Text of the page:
advertisement

InBev takes over Anheuser-Busch for $52 billion

Tuesday, November 18, 2008 | 10:38 a.m. CST

BRUSSELS, Belgium — InBev on Tuesday formed the world's largest brewer when it closed its $52 billion (€41 billion) takeover of Anheuser-Busch Cos.

The new company, named Anheuser-Busch InBev, will be headed by InBev CEO Carlos Brito and will be headquartered at Leuven, Belgium.

InBev promises to keep Anheuser-Busch's St. Louis base as the company's North American headquarters. Anheuser-Busch President and CEO August A. Busch IV joins the new company's board as a non-executive director.

The deal gives InBev a jewel of a brand in Budweiser — the world's top selling beer — which it promises to sell more widely by pushing into emerging economies in Asia, Latin America and eastern Europe.

This will help generate growth as beer sales decline in North America and Europe where drinkers are cutting back and turning to wine and other drinks.

Brito said the combination had created "a stronger, more competitive global company with a leading international brand portfolio and distribution network and great potential for growth all over the world."

InBev said it now had all the regulatory clearances it needed for the deal. Last week it agreed to sell Labatts USA to win U.S. Department of Justice approval for the takeover.

U.S. antitrust officials had worried that beer prices would increase in upstate New York because the two companies would supply most of the beer in the region.

InBev did not say who would buy the U.S. unit. It will keep its Canadian subsidiary Labatts, which is one of the top beer brands in the country.

Anheuser-Busch provides half of America's beer but it has not managed to expand around the world as fast as InBev — a Belgian-Brazilian hybrid that owns hundreds of local brands but few real stars.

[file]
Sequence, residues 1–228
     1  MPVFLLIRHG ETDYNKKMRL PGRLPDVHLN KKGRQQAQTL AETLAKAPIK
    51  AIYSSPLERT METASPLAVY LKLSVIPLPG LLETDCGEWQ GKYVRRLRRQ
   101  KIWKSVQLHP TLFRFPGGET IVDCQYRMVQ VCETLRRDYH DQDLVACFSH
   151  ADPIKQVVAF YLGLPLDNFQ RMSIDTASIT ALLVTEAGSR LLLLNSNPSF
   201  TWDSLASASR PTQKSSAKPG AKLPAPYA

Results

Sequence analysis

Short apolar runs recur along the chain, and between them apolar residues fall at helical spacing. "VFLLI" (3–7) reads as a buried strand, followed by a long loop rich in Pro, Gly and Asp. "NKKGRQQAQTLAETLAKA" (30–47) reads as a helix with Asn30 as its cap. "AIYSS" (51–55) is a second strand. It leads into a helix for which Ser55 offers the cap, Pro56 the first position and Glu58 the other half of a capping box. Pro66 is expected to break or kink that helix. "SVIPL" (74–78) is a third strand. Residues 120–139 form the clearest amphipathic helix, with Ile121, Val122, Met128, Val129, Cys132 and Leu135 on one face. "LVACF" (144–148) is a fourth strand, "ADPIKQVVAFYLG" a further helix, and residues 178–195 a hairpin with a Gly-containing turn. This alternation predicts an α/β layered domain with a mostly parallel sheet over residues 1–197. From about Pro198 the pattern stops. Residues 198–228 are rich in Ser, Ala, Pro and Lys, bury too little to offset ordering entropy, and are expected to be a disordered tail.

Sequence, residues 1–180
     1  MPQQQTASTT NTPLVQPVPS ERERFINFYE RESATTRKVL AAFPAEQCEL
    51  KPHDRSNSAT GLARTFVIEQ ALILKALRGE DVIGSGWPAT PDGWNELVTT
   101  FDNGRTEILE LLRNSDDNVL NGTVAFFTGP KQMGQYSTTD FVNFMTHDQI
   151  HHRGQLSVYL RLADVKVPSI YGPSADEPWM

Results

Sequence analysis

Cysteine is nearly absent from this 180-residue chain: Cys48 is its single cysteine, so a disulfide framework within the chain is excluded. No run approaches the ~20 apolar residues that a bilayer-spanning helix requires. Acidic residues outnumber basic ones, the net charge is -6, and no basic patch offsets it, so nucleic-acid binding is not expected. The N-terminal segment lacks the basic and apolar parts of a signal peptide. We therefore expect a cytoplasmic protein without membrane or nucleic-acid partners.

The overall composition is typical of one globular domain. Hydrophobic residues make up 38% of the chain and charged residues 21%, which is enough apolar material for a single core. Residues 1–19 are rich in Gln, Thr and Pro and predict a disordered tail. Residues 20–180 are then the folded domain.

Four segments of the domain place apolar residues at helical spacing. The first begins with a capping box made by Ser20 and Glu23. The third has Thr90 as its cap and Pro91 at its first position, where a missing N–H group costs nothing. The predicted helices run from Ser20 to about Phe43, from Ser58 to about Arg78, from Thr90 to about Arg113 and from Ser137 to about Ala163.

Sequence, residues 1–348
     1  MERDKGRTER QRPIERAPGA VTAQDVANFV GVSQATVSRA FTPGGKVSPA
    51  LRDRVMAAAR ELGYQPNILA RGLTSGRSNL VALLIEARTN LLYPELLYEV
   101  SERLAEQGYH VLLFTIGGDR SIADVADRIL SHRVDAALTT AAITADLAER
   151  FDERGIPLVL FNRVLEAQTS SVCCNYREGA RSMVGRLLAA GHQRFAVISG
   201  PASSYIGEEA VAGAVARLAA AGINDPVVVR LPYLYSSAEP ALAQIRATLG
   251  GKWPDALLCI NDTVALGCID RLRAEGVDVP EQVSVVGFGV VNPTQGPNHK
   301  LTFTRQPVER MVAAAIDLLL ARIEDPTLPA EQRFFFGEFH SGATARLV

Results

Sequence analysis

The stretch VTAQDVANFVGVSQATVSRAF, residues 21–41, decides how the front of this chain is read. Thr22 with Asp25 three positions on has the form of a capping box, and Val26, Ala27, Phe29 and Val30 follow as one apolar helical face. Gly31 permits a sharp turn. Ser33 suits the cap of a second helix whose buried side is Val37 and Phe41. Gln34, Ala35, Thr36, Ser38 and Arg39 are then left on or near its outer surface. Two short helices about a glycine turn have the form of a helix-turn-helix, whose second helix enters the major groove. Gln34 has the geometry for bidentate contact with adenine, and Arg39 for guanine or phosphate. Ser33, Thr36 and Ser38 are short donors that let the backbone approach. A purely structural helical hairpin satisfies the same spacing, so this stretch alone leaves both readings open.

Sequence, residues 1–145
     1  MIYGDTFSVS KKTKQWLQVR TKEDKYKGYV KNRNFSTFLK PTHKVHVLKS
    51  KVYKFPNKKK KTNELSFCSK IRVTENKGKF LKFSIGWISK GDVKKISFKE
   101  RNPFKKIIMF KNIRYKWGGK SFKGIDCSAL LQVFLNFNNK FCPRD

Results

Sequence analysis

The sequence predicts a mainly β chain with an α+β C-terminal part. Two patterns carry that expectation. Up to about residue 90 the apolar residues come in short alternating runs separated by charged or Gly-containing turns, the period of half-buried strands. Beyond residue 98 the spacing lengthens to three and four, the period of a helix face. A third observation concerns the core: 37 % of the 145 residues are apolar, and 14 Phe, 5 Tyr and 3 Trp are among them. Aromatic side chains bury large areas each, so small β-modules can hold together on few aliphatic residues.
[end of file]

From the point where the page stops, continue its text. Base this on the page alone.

InBev has borrowed $45 billion to pay for the deal and secured $9.8 billion in equity bridge financing that it had planned to replace with a share issue in October.

But rocky financial markets forced it to postpone issuing new shares, and it says it can keep the bridge financing in place for up to six months after it closes the deal.


Like what you see here? Become a member.


Show Me the Errors (What's this?)

Report corrections or additions here. Leave comments below here.

You must be logged in to participate in the Show Me the Errors contest.


Comments

Leave a comment

Speak up and join the conversation! Make sure to follow the guidelines outlined below and register with our site. You must be logged in to comment. (Our full comment policy is here.)

  • Don't use obscene, profane or vulgar language.
  • Don't use language that makes personal attacks on fellow commenters or discriminates based on race, religion, gender or ethnicity.
  • Use your real first and last name when registering on the website. It will be published with every comment. (Read why we ask for that here.)
  • Don’t solicit or promote businesses.

We are not able to monitor every comment that comes through. If you see something objectionable, please click the "Report comment" link.

You must be logged in to comment.

Forget your password?

Don't have an account? Register here.

advertisements